NASA and the perpetrators of Science in Curiosity just do the right thing: ethics apply any serious scientist and follow the principle that “Exceptional Exceptional Claims Require Proofs”. That is, before saying he found something exceptional must try exceptionally .In the case of organic compounds that scientists seem Curiosity and its instruments have been found very near the surface of Mars, we must be very sure of what they are, if they are typical of Mars, or if they have “rained” on Mars , if you have been there since the Earth mounted on the rover, and even if you have been synthesized during the very process of detection or measurement. This is especially important with regard to the chlorinated compounds were detected: Are they there?How are they formed? If not there, how have formed?
All these questions can only be tackled and, with time, respond in the context of a proposed integrated and transdisciplinary science where questions are asked in an orderly and rigorous. Curiosity is a project of this kind.
These are not easy or quick. They are very serious, as their collective interpretation (not only with regard to chlorine) has a huge impact both in human consciousness and in our perception of our place in the universe and its history. The scientific process requires time, patience and rigor. Be very careful what you say, especially in historical science and enthusiasm must “watering” with scientific rigor and tranquility.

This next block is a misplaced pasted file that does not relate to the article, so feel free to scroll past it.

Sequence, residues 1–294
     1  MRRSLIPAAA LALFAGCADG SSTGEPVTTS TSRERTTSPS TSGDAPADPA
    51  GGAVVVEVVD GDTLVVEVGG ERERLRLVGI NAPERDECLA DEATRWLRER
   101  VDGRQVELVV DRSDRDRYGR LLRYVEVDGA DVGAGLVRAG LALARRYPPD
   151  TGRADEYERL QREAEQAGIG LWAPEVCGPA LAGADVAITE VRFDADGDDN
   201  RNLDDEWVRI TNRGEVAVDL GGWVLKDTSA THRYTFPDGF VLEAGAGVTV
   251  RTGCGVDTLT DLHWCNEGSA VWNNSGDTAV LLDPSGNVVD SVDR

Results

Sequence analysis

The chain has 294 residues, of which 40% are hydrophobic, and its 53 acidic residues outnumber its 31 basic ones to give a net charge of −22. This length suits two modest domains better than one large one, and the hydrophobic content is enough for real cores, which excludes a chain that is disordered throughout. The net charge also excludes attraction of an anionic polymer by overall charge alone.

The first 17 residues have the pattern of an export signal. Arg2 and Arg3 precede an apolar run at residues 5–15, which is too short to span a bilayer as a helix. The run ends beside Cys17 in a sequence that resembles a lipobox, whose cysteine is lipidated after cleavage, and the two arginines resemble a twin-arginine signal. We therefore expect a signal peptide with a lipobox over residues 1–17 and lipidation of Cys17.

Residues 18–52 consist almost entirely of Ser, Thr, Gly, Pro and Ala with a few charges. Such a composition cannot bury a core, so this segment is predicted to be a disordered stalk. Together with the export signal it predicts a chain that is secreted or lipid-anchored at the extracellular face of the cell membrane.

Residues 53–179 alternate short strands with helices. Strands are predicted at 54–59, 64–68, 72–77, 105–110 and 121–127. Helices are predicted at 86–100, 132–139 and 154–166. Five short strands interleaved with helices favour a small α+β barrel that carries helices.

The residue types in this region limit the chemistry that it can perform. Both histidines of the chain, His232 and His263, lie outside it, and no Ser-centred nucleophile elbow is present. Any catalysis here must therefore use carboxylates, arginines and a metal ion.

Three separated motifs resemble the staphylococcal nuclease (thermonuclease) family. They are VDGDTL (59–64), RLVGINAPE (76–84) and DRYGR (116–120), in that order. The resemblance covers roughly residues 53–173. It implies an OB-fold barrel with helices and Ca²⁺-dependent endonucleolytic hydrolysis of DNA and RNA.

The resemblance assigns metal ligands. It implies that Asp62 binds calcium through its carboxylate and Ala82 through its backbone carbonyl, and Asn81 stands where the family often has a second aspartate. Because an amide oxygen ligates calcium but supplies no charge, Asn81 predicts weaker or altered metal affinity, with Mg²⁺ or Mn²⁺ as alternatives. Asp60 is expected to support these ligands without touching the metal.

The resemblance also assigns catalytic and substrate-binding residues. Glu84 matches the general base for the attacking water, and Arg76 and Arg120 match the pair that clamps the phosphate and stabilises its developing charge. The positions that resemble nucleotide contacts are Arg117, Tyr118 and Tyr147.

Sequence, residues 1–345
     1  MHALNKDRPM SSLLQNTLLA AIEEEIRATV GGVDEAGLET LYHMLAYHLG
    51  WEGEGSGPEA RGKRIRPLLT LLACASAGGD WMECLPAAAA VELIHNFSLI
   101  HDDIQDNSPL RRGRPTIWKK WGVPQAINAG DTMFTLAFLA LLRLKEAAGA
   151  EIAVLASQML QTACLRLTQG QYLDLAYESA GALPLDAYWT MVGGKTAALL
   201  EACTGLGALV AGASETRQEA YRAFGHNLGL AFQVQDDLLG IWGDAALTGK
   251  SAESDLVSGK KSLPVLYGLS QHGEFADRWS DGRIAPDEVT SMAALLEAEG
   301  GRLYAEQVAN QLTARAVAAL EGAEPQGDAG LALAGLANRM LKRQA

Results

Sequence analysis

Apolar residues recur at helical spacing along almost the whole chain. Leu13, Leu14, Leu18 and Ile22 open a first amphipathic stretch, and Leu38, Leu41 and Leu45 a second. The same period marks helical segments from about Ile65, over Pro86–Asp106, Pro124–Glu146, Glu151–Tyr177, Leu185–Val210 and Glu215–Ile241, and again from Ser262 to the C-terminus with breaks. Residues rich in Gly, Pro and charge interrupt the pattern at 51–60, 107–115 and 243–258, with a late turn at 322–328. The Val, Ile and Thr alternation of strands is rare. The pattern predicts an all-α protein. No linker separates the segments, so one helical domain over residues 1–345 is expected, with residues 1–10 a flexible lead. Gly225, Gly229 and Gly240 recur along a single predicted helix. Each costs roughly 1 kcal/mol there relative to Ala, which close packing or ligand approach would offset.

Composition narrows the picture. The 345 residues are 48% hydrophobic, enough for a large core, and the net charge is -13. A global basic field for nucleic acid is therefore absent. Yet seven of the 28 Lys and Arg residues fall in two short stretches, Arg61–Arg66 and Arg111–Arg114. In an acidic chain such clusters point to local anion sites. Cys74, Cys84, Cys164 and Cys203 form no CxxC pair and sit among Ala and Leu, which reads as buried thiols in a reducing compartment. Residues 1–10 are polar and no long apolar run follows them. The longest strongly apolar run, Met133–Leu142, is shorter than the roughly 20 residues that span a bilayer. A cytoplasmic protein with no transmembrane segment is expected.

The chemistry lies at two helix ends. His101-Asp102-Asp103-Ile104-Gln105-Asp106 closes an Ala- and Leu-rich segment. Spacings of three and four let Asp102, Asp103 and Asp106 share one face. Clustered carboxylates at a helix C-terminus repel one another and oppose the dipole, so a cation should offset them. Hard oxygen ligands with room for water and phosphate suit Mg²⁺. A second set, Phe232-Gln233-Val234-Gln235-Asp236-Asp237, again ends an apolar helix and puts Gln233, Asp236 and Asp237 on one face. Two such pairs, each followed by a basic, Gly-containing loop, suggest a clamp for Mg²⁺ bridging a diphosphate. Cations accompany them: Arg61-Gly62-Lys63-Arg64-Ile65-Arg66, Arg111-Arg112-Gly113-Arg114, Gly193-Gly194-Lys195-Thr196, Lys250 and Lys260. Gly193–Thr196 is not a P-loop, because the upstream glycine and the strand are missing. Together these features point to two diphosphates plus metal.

NASA has confirmed that there is an important discovery: there is evidence that rivers have existed on the surface of Mars. This is spectacular and the scientific community knows what it means for Life.
Today NASA has been realistic, responsible and fulfilled the rigor they deserve the citizens and subjects. In that order.
Juan Perez Mercader
and s currently Senior Research Fellow in Earth and Planetary Science and the Origins of Life Initiative at Harvard University, and Professor of CSIC on leave. Founder and principal promoter of the Center for Astrobiology, was its first director from 1999 to 2008. He was the architect and prime mover of the Spanish participation in the exploration of Mars at NASA’s MSL mission and the “Beagle-II” of the ESA.